26 Birgit Locher and Elisabeth Prügl, “Feminism and Constructivism: worlds apart or sharing the middle ground?." International Studies Quarterly 45, no.1 (2001): 113.

27 Tickner and Sjoberg, op.cit: 210.

28 Sandra Harding, The feminist standpoint theory reader: Intellectual and political controversies, ed.

Sandra Harding (Psychology Press, 2004): 2-3.

29 Tickner and Sjober, op.cit: 211.

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women in colonized world under the imperialist system. This approach opposes to the universalization of women, women’s problems and the way of women’s emancipation by stating that the experiences of Western women and Third World women do not necessarily correspond with each other.30

1.5. FEMINIST PERSPECTIVE TOWARDS IR

Feminist IR theory which brought about one of the most critical approaches to the discipline of IR asserts that the discipline is male-dominated, masculine and gender- blind in terms of its structure and functioning. The point to be achieved with this assumption is that the number of men and the impact of male mentality are more influential than the number of women and the impact of female mentality in the invention, development and process of the discipline and also that the discipline fails to recognize this problematic structure.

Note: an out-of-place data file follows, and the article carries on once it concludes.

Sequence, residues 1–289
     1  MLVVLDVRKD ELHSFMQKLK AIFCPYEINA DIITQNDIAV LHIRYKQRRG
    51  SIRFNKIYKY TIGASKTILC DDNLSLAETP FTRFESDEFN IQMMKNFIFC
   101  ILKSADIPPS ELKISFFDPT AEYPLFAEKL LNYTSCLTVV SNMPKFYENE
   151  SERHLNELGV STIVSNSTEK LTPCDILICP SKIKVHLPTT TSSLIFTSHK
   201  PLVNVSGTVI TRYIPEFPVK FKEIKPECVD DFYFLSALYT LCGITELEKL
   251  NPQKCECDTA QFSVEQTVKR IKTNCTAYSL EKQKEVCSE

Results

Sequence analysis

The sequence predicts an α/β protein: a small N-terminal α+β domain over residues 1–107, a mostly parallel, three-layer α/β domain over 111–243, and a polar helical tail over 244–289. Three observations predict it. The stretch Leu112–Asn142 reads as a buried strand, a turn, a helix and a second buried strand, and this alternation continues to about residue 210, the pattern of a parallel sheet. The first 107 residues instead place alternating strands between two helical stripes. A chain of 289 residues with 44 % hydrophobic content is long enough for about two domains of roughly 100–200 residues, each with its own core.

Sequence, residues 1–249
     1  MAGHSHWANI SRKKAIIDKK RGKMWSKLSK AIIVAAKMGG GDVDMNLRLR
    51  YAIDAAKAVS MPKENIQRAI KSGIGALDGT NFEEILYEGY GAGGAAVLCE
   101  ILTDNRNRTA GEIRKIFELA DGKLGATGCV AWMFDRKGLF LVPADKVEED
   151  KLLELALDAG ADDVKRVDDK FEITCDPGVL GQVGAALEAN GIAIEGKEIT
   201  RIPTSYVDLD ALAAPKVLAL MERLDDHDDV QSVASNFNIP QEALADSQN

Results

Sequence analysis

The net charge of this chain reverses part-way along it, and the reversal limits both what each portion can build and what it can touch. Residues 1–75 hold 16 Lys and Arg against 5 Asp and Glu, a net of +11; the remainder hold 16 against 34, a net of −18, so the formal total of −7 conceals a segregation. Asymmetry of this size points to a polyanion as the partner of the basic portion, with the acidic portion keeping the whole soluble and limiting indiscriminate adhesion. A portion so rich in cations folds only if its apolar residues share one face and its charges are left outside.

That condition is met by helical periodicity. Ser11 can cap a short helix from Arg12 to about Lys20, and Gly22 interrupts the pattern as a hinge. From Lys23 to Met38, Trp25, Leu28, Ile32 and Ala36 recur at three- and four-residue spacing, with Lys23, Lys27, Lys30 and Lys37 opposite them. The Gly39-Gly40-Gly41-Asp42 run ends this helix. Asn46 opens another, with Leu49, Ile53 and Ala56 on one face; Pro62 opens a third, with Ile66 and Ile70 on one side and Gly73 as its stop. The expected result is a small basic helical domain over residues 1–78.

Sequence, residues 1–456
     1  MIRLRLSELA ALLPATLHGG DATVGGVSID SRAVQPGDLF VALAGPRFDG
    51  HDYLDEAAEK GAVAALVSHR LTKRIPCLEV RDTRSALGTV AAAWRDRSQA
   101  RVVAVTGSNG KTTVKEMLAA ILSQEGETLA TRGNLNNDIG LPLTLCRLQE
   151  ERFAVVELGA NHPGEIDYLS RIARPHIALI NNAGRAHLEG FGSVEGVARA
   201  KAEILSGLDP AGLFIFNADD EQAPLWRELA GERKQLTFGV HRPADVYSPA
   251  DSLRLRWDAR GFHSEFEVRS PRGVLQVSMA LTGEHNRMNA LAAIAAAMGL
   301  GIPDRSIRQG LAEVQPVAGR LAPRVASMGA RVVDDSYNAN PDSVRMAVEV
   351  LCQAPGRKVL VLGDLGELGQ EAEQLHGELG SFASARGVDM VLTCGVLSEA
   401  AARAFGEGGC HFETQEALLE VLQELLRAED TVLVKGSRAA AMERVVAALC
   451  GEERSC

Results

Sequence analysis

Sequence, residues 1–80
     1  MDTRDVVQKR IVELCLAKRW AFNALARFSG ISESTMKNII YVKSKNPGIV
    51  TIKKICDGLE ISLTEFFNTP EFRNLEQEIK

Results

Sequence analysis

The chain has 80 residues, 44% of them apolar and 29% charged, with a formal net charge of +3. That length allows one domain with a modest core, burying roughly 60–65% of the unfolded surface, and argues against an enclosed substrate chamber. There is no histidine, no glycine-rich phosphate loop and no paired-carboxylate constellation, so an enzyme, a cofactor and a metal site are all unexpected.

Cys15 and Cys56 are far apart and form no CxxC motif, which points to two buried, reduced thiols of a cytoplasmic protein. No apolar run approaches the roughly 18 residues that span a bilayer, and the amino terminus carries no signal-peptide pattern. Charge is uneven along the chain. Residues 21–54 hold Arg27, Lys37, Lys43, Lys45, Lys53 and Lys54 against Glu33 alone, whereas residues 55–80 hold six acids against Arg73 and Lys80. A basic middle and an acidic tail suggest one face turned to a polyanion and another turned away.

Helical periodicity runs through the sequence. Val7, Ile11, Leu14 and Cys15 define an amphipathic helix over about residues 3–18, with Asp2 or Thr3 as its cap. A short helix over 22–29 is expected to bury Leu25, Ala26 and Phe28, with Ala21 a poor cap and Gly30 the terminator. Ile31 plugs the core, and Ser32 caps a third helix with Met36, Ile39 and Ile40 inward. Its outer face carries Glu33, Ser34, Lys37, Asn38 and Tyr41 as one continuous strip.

Feminist IR claims that the reason of this is the gendered structure of concepts, institutions and practices dominating the discipline.31 For that reason, in order to explain the behaviors of nation-states in the international system in a comprehensive manner, gender should be added as a unit of analysis to the other units and levels of analysis that are well-accepted in the discipline.32 In this regard, while being interested in issues of international relations, feminist theory aims to introduce how discipline would be when gender is included as a unit of analysis and when women are accepted as international actors.

Moreover, in order to better understand the underlying causes of approaches and critics of feminist theory towards IR, it is conceptually, empirically and normatively essential to study on the gender issue. The term of gender is used to describe socially constructed sexual differences. Gender obviously does not contain the same meaning of sex which is used as an interchangeable term for gender in everyday language. In the simplest term,

30 Ibid, 212.